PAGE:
The Torah and the Golden Rule

From The Great Transformation: The Beginning of Our Religious Traditions by Karen Armstrong:

The Great Transformation on Google Books …the most progressive Jews in Palestine were the Pharisees, who developed some of the most inclusive and advanced spiritualities of the Jewish Axial Age. They believed that the whole of Israel was called to be a holy nation of priests and that God could be experienced in the humblest home as well as in the temple. He was present in the smallest details of daily life, and Jews could approach him without elaborate ritual. They could atone for their sins by acts of loving-kindness rather than animal sacrifice. Charity was the most important commandment of the law. Perhaps the greatest of the Pharisees was Rabbi Hillel (c. 80 BCE-30 CE), who migrated to Palestine from Babylonia. In his view, the essence of the Torah was not the letter of the law but it’s spirit, which he summed up in the Golden Rule. In a famous Talmudic story, it was said that one day a pagan approached Hillel and promised to convert to Judaism if the rabbi could teach him the entire Torah while he stood on one leg. Hillel replied simply: “What is hateful to yourself, do not to your fellow man. That is the whole of the Torah and the remainder is but commentary. Go learn it.”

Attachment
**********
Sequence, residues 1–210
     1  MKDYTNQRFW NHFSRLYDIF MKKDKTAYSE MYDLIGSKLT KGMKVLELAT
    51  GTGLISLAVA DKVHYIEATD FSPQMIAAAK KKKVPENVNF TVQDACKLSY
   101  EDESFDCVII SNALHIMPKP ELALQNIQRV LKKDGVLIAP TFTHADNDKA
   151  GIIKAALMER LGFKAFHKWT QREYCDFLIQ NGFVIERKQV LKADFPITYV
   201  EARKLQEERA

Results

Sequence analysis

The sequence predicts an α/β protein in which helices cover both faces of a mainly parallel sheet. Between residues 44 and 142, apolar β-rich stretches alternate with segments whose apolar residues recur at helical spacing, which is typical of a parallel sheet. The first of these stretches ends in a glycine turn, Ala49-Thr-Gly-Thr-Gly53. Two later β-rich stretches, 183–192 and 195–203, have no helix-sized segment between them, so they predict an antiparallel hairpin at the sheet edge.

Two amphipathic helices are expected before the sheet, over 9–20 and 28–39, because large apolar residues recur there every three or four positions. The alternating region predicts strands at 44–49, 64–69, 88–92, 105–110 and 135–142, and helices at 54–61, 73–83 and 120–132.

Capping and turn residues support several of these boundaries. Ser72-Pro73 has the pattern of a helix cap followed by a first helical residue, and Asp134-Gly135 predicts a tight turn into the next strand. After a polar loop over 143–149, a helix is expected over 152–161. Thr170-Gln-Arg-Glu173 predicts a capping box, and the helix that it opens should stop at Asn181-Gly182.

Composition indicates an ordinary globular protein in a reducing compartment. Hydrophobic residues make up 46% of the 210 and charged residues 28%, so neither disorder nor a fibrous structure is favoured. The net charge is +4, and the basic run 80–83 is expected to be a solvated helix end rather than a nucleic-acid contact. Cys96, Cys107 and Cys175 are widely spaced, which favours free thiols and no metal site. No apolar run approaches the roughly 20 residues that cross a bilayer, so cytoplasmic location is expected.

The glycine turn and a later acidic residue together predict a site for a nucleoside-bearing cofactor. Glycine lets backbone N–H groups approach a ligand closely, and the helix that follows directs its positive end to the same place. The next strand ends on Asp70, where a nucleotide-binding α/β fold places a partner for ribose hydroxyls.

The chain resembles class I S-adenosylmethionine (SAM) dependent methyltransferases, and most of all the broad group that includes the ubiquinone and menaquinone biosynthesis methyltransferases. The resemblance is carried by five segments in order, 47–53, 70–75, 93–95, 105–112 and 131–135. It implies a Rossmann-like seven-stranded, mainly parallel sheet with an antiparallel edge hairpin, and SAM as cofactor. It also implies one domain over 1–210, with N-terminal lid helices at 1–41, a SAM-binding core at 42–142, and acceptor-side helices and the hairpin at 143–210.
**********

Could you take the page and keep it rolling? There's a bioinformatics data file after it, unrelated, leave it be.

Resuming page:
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From “Modern Lessons From Hillel,” All Things Considered, September 7, 2010 :

“Not much is known about the life of the rabbi and Talmudic scholar Hillel, who lived 2,000 years ago, but his teachings have shaped Judaism. Rabbi Joseph Telushkin's forthcoming book Hillel: If Not Now, When? argues that Hillel has as much to teach the 21 Century as he did his own.”